Inquirer Photo / Grig C.
Montegrande

OZAMIZ CITY, Philippines—The proposed Freedom of Information (FOI) law is dead, and President Aquino and Speaker Feliciano Belmonte should share the blame for its fate.

Thus declared a group of advocates who have been pushing Congress for years to enact the measure that would allow greater access to public records and help reduce corruption in government.

“(W)ithout decisive support from the President and the leadership of the House of Representatives, the bill will not pass,” read the statement from the Right to Know, Right Now! Coalition which has been campaigning for the FOI bill for more than 15 years.

One of the tools that States have in order to respect, protect and fulfill human rights is the creation of national development banks. Indeed, if the financial sector is left to autonomously determine where capital should be allocated it is likely that private rather than overall social returns will end up determining the allocation of financial savings and investment. National development banks are totally or partially public sector financial institutions mandated to provide credit at terms that render certain socially desirable investments viable. Many countries have relied on them as part of the array of tools to intervene in financial markets and help ensure higher standards of living for their population.

Social Watch finds much to criticize in the Czech Republic, sees rising intolerance. Last year, the Czech Republic managed to overcome economic stagnation, but many people in the country are imminently threatened with poverty, according to the annual report that its authors from the Social Watch international network’s Czech branch presented today.

Islam and immigrants became new targets of intolerance, while public expressions of hatred of Romanies were less frequent compared with previous years, the report on the situation in the Czech Republic in 2014 says.

Though the Czech Republic has a new strategy of promoting equal opportunities for women and men, the implementation of particular steps is stagnating, the report adds.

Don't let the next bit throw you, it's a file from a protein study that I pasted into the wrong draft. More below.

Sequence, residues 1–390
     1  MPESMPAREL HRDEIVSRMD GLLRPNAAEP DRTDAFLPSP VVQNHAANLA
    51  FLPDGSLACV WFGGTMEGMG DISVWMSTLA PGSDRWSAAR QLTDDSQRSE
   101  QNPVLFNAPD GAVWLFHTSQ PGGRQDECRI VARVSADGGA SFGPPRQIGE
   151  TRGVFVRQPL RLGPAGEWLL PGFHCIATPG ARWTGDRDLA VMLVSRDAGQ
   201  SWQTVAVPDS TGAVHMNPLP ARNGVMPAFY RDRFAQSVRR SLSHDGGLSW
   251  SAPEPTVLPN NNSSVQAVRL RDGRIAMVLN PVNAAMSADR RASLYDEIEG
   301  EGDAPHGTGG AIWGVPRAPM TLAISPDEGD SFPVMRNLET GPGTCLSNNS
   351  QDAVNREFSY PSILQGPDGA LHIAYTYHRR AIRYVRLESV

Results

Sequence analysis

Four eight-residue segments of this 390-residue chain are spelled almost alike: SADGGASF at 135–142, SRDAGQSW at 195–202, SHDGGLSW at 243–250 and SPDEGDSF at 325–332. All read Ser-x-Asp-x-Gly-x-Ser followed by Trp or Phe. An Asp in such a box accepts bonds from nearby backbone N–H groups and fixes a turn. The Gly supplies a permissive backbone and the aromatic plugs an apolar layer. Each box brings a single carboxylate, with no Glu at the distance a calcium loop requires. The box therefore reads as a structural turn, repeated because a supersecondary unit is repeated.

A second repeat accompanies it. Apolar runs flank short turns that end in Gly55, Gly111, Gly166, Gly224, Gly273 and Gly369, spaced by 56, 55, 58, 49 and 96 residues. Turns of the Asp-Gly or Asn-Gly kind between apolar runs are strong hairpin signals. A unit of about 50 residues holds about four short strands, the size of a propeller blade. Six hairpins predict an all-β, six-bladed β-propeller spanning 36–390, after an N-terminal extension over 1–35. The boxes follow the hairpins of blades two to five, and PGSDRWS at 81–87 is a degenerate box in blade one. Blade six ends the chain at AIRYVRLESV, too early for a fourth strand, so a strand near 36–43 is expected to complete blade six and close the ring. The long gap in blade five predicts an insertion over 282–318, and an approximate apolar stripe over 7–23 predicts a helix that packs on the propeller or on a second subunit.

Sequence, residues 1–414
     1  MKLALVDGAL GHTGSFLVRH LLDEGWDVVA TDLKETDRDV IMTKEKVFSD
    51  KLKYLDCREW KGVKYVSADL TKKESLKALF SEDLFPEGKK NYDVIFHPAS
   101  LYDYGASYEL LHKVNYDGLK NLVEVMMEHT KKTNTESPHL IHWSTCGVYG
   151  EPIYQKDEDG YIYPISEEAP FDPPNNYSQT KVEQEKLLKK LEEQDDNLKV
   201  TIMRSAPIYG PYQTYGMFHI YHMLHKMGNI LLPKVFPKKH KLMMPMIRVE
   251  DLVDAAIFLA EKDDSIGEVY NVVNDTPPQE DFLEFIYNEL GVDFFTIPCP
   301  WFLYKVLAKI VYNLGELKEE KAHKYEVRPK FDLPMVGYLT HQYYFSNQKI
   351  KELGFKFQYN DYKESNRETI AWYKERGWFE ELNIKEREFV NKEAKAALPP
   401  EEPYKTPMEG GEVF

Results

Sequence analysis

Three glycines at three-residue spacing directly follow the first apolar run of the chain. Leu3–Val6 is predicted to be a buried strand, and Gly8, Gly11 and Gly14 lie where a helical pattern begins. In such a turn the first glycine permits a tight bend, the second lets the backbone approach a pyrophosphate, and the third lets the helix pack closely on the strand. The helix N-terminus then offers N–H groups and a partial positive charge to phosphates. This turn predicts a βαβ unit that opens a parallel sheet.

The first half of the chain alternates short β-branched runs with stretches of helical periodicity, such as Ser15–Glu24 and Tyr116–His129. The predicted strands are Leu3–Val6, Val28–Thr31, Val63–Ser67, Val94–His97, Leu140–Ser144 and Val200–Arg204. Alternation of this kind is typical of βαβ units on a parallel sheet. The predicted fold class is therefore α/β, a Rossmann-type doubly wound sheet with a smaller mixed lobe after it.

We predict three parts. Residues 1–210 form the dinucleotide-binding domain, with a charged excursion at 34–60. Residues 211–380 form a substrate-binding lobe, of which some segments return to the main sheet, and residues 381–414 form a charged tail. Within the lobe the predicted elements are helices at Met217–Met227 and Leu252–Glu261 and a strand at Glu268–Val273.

The role of foreign investment in financing development has been a matter of considerable debate in the negotiations leading up to all Financing for Development (FFD) conferences. But deliberations towards the one which took place in Addis Ababa in July 2015 have seen a definite tendency to propose a greater reliance on foreign investment in financing development. It will be important to watch how the Addis Ababa conference frames the regulatory role of the state, and the practices of using aid as an incentive to attract private sector funding, and Public Private Partnerships (PPPs) and institutional investors’ role in closing the infrastructure finance gap. With the transnational corporate sector more involved than ever in defining policies around sustainable development, winning the struggle for the narrative around the contribution of private capital flows to development is a crucial prize at stake in the Financing for Development negotiations in Addis Ababa and beyond.

The Arab NGO Network for Development (ANND) hosted a meeting on Tuesday August 18, 2015 with Mr. Leonardo SC Castilho, a Human Rights Officer from the Office of the High Commissioner for Human Rights for the United Nations in New York.

The meeting comes in the lead up to the UN General Assembly in New York in September – where Sustainable Development goals (SDGs) will be adopted – and a month after the Addis Ababa Conference on Financing for Development (FfD III).

The meeting oversaw an interactive discussion between various Lebanese organizations and the representatives from OHCHR on the outcome document of the United Nations Summit for the adoption of the post-2015 development agenda. 

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